Colombia’s quarantine 101: Everything you need to know

By Tasha Sandoval March 23, 2020

Citizens must stay at home until April 13 unless they have a good reason — like needing food or medicine — to be out.

Empty streets of Bogotá during the quarantine in Colombia.
Empty streets of Bogotá during the quarantine in Colombia. Photo: Oli Pritchard

When does it start?

The national quarantine starts on Tuesday, March 24 at 11.59 pm and runs until 11.59 pm on April 13. It could be extended if necessary. Bogotá and nearby areas already under the test shut-down will move directly to the nationwide quarantine with no space in between. This is to prevent mass movement, panic shopping and other activities that could increase the spread of the virus.

I’m stuck outside Bogotá, how can I get back?

If you are within driving distance of Bogotá, the city is allowing cars to re-enter on Monday and Tuesday, following pico y placa rules. Today, Monday 23rd, cars with even ending number plates can drive back into the city. Tomorrow, Tuesday 24th, cars with odd numbers can return.   You will need to fill in this form and go straight to your home.

Internal flights will still be running until tomorrow (March 24), so if you live in Bogotá, try to get a flight back as soon as possible. After that all national flights and most long distance bus transport will be stopped.

What are the rules of Colombia’s quarantine?  Will it be the same as Bogota’s simulation?

As with Bogotá’s current isolation drill, people will be required to remain at home unless they have a good reason to be out.

However, you can leave home briefly for the following reasons:

  • To buy food
  • To go to the bank or notary office
  • To walk pets

Normally only one person per household will be allowed out, so don’t go in groups. What we’ve seen in the past few days in Bogotá is that as long as you are not flagrantly flouting the rules, the police are being reasonable in enforcing them.

Home deliveries (domicilios) of food, goods and medicine will continue to operate. Restaurants are only allowed to provide take-away food, but hotels can serve residential guests. Messenger services and journalists are also exempt from travel restrictions, as are medical personnel and key workers in essential services such as gas, water and electricity.  You can also go out to provide or receive medical treatment, which includes taking your pet to the vet, or to care for an elderly, disabled or sick person.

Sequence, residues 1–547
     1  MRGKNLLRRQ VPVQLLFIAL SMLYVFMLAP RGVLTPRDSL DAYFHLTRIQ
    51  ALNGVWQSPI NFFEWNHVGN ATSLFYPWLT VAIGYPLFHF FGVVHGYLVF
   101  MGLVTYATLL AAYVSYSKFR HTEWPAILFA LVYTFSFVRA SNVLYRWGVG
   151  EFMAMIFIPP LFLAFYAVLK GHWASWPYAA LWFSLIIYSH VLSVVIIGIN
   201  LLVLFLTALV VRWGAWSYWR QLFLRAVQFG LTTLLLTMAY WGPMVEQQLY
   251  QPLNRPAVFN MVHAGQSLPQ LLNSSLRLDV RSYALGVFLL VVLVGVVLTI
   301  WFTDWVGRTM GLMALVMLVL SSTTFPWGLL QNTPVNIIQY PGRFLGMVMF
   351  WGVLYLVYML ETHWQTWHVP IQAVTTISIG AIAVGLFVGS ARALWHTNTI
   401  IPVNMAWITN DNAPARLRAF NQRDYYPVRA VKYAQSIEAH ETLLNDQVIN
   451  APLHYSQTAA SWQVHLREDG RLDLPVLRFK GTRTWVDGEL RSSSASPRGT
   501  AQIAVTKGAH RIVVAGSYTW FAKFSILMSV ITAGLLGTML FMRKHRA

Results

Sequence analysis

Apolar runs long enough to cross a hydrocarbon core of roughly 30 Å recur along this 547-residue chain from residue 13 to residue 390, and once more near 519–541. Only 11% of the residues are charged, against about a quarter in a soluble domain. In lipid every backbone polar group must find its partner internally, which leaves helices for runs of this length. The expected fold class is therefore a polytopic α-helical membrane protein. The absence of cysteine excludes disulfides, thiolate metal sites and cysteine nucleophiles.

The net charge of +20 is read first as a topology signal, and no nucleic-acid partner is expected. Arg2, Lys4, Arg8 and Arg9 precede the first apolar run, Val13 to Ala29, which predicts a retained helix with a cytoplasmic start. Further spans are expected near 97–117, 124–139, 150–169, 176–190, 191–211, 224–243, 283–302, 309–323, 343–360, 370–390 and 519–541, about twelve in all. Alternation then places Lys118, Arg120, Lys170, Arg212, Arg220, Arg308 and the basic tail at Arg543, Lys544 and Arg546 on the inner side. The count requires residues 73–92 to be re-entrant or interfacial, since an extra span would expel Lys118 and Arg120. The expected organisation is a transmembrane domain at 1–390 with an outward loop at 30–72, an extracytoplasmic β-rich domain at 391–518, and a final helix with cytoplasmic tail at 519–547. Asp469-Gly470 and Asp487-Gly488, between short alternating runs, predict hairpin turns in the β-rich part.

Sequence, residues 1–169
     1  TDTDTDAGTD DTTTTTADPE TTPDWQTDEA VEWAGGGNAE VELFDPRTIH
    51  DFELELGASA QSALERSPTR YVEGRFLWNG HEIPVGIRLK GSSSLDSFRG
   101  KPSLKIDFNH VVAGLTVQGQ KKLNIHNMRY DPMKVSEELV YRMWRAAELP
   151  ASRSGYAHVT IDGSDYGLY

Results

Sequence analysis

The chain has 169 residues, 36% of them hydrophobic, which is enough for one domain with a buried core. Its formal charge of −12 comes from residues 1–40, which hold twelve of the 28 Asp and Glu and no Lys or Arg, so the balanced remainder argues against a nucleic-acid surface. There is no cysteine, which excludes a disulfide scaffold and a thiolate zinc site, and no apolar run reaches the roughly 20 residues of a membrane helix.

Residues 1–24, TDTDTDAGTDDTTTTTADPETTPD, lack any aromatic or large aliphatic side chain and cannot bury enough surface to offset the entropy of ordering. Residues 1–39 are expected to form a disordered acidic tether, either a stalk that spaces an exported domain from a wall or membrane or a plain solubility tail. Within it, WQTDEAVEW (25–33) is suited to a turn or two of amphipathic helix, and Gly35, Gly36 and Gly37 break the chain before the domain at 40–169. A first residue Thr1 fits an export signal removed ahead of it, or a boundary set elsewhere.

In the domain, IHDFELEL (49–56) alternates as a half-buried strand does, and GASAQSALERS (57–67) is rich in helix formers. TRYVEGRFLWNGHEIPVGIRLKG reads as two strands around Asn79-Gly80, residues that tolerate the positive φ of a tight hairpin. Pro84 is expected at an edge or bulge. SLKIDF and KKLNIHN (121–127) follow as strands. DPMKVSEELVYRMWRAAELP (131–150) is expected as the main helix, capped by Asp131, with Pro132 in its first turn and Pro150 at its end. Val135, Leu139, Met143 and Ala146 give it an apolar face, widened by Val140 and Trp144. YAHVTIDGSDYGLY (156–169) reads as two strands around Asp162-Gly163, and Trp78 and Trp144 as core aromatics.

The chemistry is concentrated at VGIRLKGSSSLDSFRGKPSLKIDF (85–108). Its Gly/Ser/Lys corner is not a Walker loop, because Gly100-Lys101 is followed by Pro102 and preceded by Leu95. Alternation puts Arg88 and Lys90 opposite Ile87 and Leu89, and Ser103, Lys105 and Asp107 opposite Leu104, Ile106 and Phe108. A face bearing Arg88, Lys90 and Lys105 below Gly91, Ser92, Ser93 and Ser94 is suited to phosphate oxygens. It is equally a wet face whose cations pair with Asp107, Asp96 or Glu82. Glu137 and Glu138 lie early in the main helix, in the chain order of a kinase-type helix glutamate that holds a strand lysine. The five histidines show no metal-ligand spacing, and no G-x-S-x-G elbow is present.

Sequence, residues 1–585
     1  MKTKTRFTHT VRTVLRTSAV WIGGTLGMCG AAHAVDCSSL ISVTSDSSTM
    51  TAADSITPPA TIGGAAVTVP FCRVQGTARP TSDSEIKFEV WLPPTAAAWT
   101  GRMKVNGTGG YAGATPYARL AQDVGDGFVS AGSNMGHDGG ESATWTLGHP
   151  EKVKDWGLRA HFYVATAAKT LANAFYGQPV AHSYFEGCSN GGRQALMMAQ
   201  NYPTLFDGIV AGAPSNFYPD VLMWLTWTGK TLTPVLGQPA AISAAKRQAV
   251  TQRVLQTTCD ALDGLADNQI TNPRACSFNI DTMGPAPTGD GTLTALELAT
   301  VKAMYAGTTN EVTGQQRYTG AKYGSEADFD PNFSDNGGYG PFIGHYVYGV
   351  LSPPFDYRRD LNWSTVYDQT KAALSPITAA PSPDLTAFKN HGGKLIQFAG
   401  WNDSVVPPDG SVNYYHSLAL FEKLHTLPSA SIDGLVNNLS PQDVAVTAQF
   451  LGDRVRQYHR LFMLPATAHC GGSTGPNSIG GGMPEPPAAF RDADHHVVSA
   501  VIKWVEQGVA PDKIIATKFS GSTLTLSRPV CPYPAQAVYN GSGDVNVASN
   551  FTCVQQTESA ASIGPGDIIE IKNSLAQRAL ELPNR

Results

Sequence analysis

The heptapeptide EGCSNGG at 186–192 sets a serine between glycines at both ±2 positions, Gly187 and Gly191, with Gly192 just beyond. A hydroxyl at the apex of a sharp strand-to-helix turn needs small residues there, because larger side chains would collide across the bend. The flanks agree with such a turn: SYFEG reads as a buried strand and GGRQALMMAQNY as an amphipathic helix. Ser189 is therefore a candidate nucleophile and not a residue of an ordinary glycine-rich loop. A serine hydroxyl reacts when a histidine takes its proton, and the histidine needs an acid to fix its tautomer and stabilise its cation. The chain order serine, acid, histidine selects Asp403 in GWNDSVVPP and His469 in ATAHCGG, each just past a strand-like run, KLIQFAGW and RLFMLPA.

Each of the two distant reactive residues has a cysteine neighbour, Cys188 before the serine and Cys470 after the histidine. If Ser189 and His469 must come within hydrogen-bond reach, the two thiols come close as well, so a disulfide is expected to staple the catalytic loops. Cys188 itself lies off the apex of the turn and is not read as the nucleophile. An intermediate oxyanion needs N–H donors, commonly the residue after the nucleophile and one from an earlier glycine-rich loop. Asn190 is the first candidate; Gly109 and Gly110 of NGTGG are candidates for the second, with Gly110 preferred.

Most food shops, including small local grocers, can open, as well as funeral services. Call centres and — importantly — internet repair people will continue to be able to work. Rubbish collection will follow its normal routine, unless the building where you reside advises otherwise.

Read all our coverage on the coronavirus in Colombia.

Public transport and taxis will operate but only for exempt workers and exceptional circumstances, such medical or veterinary. If you are going shopping you will be expected to go on foot to somewhere near. 

As we said a few days ago, if your house is burning down or the city is struck by an earthquake, nobody expects you to stay inside.

Is there ley seca? Will I still be able to buy alcohol?

Don’t panic. There is no ley seca at a national level and the sale of alcohol will continue as normal in supermarkets and by domicilio. The only rules about alcohol are that you can’t drink it in public spaces or pubs. Which won’t be so difficult since you can’t go out.

The decree overturns any rules brought in individual departments or cities in recent days. As of March 24, the sale of alcohol will not be prohibited anywhere in the country.

Can I still walk my dog?

Yes. As per the current rules, one person per household is allowed out for dog walking. The decree doesn’t mention the 20-minute limit that was introduced for the isolation drill.

How safe is it to be out and about?